The classic image of a newborn baby happily nestled in the proud parents' arms is one we are all familiar with. Many of us are lucky enough to have one on the mantelpiece, but some families miss out on taking this photo.
Babies who come too early, often weighing under a kilogram, are rushed away from their parents to the neonatal intensive care nursery in a fight for survival. Babies are classified as preterm when they are born prior to 37 weeks' gestation.
Within this group, those born prior to 32 weeks are classified as very preterm. In Australia, more than 5,000 babies are born very preterm every year, and it is these babies who are at greatest risk for a wide range of adverse outcomes.
A new baby is life-changing for all parents, but for those whose babies are born too early, the challenges can be immense.
Our research published today in JAMA Pediatrics reports concerning levels of psychological distress in both mothers and fathers of very preterm babies. We closely followed these families, assessing parental mental health every two weeks for the first 12 weeks after birth, then again six months later.
In the weeks immediately following the birth of their babies, 40 per cent of mothers and 36 per cent of fathers experienced clinically significant symptoms of depression. This was compared to just 6 per cent of mothers and 5 per cent of fathers of healthy full-term babies.
Rates of anxiety were even higher, at close to half of both mothers and fathers. Thankfully, symptoms improved over the course of the first 12 weeks. When we checked in again with parents six months later, though, 14 per cent of mothers and 19 per cent of fathers were still distressed, compared to 5 per cent of mothers and 6 per cent of fathers of full-term babies.
There was little evidence changes in parental psychological distress were related to medical severity, time of transfer or discharge from hospital, or other family factors.
In many ways, it's not surprising parents of very preterm infants are at far higher risk of depression and anxiety than parents of healthy, full-term babies. Their experiences are vastly different.
Parents of very preterm babies often describe great fear, shock, feelings of helplessness and unmet expectations, as well as inherent separation from their babies.
On average, the very preterm babies in our study stayed in hospital for about three months – a far cry from the few days following a straightforward birth. A baby's path through the neonatal intensive care unit is often not smooth, which puts enormous strain on families in a multitude of ways.
There is also the impact of grief – many parents speak of the sense of loss they feel for the pregnancy, the birth and the baby they had imagined.
Father's depression often neglected
Fathers of very preterm babies have been largely neglected in the research to date. This study is the first to our knowledge to look at the mental health of fathers in this way.
We found they were no less susceptible to depression and anxiety than mothers. This differs from rates reported in the general population, which show that men have lower rates of depression and anxiety than women, regardless of whether they are fathers or not.
There are a few potential reasons for this new finding. First, there is no doubt the neonatal intensive care unit experience can be highly stressful for both mothers and fathers.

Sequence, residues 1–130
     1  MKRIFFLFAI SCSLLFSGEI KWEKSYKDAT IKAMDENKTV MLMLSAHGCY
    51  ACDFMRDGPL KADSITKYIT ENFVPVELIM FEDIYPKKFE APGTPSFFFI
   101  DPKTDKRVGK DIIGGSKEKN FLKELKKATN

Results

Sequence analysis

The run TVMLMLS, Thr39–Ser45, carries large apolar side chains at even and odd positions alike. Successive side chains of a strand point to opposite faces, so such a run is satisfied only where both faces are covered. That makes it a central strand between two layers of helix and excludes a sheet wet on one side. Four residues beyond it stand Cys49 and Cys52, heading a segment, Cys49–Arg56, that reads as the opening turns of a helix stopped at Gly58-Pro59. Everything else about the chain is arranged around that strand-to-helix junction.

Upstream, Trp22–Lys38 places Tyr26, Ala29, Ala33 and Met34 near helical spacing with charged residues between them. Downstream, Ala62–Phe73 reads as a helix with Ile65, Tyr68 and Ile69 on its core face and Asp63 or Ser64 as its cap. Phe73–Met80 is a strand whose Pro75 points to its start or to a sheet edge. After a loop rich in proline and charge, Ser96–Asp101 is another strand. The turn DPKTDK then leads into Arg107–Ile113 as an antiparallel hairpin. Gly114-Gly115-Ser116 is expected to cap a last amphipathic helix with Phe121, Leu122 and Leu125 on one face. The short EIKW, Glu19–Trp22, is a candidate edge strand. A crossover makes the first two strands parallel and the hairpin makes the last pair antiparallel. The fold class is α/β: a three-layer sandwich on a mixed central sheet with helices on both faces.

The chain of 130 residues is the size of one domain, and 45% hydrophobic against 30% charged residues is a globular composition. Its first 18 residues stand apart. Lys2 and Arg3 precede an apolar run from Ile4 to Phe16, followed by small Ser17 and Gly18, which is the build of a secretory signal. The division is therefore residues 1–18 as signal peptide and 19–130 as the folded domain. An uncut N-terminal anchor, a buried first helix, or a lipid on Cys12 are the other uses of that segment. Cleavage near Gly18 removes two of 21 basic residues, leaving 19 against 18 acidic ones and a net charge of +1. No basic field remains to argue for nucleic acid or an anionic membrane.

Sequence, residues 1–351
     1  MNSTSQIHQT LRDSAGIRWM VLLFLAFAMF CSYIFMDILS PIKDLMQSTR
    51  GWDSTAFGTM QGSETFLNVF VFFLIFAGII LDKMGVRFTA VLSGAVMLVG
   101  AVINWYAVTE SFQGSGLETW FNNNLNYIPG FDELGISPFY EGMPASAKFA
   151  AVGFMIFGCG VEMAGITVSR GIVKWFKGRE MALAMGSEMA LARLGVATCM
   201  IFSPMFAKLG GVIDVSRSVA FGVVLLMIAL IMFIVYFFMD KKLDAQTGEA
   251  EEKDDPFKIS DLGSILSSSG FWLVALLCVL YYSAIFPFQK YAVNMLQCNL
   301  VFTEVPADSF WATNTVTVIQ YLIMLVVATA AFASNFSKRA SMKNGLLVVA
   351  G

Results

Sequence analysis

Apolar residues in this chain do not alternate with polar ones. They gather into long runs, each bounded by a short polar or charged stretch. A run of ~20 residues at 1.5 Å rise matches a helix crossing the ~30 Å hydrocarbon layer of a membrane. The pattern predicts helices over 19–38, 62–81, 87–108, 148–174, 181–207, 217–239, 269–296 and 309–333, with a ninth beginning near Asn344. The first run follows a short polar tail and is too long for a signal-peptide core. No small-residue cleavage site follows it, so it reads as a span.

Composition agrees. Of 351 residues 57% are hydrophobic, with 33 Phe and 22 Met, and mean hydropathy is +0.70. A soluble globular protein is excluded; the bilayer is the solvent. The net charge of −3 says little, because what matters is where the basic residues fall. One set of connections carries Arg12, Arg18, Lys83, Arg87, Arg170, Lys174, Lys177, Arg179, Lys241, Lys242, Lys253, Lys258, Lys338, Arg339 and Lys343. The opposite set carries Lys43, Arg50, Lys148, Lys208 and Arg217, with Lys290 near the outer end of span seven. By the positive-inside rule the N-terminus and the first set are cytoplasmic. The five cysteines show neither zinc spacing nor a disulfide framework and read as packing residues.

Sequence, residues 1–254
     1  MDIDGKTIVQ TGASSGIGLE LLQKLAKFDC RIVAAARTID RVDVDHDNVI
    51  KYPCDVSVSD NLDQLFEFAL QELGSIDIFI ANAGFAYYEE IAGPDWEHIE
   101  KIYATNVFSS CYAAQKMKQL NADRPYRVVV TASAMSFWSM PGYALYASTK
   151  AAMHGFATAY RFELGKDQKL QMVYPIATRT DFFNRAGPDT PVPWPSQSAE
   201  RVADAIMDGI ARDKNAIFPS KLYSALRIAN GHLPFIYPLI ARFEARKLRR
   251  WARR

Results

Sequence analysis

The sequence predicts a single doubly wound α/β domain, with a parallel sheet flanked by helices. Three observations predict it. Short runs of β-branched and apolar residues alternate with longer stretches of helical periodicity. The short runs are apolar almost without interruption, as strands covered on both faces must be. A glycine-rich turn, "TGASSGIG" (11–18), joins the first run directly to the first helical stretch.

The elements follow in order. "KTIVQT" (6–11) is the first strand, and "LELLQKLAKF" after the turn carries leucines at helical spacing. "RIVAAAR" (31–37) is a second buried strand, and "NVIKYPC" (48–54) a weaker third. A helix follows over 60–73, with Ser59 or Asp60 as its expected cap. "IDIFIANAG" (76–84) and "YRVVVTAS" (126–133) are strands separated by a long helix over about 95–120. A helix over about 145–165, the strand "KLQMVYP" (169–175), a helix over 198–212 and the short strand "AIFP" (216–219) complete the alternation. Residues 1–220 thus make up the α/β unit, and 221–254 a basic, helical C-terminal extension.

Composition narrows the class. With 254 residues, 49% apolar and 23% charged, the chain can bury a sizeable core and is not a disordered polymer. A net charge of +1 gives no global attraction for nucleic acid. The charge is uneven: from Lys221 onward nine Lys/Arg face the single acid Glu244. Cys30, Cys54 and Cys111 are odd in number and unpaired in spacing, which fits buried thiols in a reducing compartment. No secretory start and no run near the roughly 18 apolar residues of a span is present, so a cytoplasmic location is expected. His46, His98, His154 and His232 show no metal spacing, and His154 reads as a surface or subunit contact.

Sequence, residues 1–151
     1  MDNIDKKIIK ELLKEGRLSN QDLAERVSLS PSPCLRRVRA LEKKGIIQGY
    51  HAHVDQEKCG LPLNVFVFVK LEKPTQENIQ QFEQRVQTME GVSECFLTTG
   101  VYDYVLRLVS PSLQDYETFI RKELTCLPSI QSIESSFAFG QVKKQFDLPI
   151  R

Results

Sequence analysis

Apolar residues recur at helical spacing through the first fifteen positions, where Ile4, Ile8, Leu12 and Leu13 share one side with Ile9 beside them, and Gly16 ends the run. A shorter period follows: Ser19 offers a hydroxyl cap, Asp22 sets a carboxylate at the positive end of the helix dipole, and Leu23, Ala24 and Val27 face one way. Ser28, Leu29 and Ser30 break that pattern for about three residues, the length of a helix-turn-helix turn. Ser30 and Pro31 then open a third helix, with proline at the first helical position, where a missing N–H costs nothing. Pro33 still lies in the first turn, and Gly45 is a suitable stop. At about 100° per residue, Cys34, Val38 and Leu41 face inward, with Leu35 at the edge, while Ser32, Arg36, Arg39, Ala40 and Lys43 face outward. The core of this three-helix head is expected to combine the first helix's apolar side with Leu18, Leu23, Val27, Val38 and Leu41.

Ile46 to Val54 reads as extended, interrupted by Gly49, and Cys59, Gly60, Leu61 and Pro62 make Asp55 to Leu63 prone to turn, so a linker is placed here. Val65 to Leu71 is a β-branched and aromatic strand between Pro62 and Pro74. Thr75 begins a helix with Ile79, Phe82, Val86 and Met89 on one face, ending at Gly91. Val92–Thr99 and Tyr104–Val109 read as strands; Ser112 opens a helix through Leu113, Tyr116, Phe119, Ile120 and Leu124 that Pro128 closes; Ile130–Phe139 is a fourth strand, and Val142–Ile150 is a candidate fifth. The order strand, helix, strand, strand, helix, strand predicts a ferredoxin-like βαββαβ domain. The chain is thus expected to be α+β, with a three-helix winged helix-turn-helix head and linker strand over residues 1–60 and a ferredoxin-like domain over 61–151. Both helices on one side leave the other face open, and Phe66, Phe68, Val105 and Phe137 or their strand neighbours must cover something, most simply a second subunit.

However, it is important to appreciate that fathers also often have unique pressures. Many men described feeling torn between their partner and their baby, both in need of extra support. They were often going back to work and juggling multiple responsibilities, especially when there are other children at home.
Many also spoke of the challenges of trying to meaningfully engage in an environment where traditionally the focus is on mothers.
What can be done?
It's important for parents to know that, for many people, the distress they feel after having a preterm baby does improve over the first few months. This may represent a period of adjustment.
However, as parents in our study were still showing higher rates than their full-term counterparts six months later, it is also important to be aware the challenges for these families do not end when they leave hospital.
We know from previous research mothers still have higher rates of psychological distress two and seven years after having a very preterm baby.
It's important health professionals working with these families closely monitor parents for signs of depression and anxiety at regular intervals during the hospital stay and beyond, and ensure they are receiving appropriate support. This support needs to continue far beyond the traditional postnatal period.
It's clear we need to be more aware of the well-being of fathers. Many of our fathers said they were surprised we were interested in how they were going, and were grateful for it.
This article talks about the typical nuclear family consisting of a mother and father, but of course there is also much diversity in families. This extra awareness and support must apply to all caregivers and support people involved in the birth of a child.
All parents sometimes need reminding to look after themselves. A large body of research shows parental mental health is important for child outcomes. Parents of very preterm babies getting the support they need will not only improve their own well-being, but will go a long way to help protect these vulnerable babies too.
Carmen Pace is a Clinical Psychologist and Research Fellow, Murdoch Childrens Research Institute.
Further information and support for parents of preterm babies can be found at Life's Little Treasures or Raising Children Network. For general support you can contact Lifeline: 131 114 or Beyond Blue: 1300 22 4636
This article first appeared on The Conversation.